Scientists at the University of Birmingham have taken a crucial first step towards deciphering the atomic make-up of a key drug target in tuberculosis (TB).

They hope the breakthrough will be instrumental in helping to lead to the development of new therapies to tackle this ancient disease.

In the online journal PLoS Pathogens, microbiologists Professor Gurdyal (Del) Besra, Dr Klaus Fütterer and Dr Luke Alderwick, from the School of Biosciences, report the structure of the enzyme EmbC, that plays a vital role in assembling the cell envelope of the tubercle bacillus Mycobacterium tuberculosis.

Once rampant in Europe and North America, TB has largely vanished from public view in the developed world. However, the disease remains a problem of global proportions in spite of World Health Organisation-led efforts to contain its spread.

Rising drug resistance is hampering the WHO’s global efforts to tackle tuberculosis, threatening modern treatment options.

When Robert Koch first isolated Mycobacterium tuberculosis in the late-19th century, he immediately noted the unusual waxy consistency of its cell envelope, the structure surrounding the bacillus. Modern analysis has shown it contains unusually large fatty acids known as mycolic acids. In addition, the cell envelope includes so-called glycolipids, which help subvert the host’s immune system. Assembly of these glycolipids involves arabinosyltransferase enzymes, among them EmbC, that are embedded in the membrane of the bacillus, building up the glycolipid one sugar at a time.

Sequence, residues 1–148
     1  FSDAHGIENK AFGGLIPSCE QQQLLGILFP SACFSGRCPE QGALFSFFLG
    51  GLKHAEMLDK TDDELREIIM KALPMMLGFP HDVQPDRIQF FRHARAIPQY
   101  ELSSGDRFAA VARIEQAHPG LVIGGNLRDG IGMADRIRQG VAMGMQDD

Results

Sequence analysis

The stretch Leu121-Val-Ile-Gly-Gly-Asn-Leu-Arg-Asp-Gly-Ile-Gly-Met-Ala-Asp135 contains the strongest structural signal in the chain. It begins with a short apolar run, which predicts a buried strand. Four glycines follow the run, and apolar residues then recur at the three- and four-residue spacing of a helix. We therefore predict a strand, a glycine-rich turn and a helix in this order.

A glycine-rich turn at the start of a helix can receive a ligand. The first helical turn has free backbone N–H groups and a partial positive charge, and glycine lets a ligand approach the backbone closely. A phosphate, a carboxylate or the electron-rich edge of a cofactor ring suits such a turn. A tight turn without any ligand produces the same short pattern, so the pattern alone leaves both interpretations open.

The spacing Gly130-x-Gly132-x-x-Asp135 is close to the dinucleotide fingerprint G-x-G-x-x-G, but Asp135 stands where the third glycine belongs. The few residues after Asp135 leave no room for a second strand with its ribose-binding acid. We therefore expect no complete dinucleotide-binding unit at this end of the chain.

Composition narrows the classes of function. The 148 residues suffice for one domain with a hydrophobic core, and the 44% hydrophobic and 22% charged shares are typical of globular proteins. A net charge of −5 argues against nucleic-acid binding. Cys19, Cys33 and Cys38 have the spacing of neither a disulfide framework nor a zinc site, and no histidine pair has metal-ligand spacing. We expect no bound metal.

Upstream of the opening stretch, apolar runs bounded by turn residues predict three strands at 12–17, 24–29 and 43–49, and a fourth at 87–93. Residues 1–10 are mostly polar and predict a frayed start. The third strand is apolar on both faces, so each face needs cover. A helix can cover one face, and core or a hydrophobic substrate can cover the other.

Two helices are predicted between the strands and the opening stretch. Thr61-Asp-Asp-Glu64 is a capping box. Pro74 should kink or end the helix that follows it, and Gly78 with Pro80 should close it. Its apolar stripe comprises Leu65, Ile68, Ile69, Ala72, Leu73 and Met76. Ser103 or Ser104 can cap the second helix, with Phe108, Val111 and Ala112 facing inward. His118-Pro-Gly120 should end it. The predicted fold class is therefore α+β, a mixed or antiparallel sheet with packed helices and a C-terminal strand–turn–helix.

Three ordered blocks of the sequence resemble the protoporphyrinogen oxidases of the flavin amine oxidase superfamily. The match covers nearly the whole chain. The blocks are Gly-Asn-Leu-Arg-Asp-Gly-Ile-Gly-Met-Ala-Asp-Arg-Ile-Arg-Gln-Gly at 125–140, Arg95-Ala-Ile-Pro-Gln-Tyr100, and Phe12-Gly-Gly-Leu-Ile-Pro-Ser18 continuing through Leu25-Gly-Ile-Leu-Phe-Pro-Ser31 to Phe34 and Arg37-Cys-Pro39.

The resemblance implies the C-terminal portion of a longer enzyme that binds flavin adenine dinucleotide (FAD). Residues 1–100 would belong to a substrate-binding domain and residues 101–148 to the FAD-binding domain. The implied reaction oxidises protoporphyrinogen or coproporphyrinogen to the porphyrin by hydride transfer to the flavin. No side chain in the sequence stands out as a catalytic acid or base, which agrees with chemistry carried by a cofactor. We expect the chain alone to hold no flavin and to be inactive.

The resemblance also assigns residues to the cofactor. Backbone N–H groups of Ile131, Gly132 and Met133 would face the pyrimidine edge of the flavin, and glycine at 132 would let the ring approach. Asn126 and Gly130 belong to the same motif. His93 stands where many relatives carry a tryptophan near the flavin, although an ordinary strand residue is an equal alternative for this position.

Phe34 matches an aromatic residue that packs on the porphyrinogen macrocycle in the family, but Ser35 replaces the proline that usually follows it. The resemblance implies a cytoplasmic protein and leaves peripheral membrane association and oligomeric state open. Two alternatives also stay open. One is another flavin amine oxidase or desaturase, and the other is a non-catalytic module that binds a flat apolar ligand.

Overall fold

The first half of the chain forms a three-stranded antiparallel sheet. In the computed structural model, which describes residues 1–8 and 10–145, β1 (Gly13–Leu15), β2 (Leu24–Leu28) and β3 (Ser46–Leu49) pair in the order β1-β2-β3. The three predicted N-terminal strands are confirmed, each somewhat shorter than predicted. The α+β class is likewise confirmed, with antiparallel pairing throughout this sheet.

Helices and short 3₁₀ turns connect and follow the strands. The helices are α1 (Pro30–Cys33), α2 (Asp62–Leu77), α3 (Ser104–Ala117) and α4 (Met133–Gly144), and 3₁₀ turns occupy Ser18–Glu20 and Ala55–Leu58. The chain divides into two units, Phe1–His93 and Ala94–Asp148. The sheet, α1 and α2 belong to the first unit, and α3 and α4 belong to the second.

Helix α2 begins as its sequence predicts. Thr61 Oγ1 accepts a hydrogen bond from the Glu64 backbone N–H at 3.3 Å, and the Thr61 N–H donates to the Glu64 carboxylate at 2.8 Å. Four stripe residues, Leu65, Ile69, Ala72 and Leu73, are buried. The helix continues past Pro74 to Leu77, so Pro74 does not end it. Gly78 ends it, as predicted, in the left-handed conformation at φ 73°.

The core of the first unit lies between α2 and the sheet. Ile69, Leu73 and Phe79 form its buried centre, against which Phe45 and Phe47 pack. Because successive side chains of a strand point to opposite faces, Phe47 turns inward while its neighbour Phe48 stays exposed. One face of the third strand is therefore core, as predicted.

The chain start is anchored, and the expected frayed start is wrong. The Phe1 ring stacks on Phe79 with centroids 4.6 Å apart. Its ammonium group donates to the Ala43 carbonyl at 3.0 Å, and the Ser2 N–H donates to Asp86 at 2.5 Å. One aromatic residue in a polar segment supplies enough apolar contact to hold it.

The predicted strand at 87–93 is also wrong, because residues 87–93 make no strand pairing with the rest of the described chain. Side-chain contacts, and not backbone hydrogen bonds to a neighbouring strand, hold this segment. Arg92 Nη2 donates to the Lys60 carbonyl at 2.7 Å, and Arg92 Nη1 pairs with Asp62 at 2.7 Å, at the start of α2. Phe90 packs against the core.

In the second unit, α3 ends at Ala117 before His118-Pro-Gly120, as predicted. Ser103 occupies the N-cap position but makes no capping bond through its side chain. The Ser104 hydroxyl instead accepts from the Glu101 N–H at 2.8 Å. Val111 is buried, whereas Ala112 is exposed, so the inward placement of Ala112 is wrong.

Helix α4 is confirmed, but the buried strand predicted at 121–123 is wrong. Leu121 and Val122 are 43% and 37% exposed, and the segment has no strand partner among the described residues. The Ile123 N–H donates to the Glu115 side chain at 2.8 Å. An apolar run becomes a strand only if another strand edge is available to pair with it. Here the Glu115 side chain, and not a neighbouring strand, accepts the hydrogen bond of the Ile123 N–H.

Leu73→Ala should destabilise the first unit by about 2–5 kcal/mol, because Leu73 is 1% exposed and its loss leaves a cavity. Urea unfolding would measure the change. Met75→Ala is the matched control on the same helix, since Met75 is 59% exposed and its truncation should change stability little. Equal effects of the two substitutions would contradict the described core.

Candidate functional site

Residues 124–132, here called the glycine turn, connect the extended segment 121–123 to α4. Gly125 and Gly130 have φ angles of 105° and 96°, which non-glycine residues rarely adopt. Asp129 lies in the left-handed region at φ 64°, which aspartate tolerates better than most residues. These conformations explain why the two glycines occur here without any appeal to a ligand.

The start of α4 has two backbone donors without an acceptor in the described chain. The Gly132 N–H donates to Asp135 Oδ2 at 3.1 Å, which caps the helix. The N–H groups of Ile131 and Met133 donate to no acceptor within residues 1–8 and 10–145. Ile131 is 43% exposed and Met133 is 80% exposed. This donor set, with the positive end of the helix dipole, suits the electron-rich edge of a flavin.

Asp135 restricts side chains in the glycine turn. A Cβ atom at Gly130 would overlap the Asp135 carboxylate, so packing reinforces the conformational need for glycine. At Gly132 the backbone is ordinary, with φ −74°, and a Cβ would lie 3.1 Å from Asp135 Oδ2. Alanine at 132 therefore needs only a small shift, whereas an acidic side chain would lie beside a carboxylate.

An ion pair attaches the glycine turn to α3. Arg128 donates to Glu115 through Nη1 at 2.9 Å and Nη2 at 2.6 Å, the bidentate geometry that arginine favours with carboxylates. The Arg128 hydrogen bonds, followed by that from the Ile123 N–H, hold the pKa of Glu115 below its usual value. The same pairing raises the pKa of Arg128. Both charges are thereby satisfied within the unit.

Around 15 years ago, while working in a laboratory at Colorado State University, Professor Besra demonstrated that the bactericidal effect of the frontline TB drug ethambutol is caused by inhibiting EmbC and the closely related arabinosyltransferases EmbA and EmbB . Yet how ethambutol interferes with enzyme activity has remained obscure.

Using X-ray crystallography, Dr Alderwick and colleagues have identified the precise structure of the extracellular carbohydrate-binding domain of EmbC.

Professor Besra commented: ‘This information will be invaluable in working out how EmbC catalyses sugar transfer and will provide a critical cornerstone to develop a novel inhibitor.’

For more information, please contact Jenni Ameghino, Press Office, University of Birmingham. Tel: 0121 415 8134.